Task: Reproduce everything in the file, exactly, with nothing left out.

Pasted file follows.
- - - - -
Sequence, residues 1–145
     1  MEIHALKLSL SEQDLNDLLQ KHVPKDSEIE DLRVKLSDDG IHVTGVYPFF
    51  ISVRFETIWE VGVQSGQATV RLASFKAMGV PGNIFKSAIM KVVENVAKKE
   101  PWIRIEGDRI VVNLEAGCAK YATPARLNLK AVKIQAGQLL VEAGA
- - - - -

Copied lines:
Sequence, residues 1–145
     1  MEIHALKLSL SEQDLNDLLQ KHVPKDSEIE DLRVKLSDDG IHVTGVYPFF
    51  ISVRFETIWE VGVQSGQATV RLASFKAMGV PGNIFKSAIM KVVENVAKKE
   101  PWIRIEGDRI VVNLEAGCAK YATPARLNLK AVKIQAGQLL VEAGA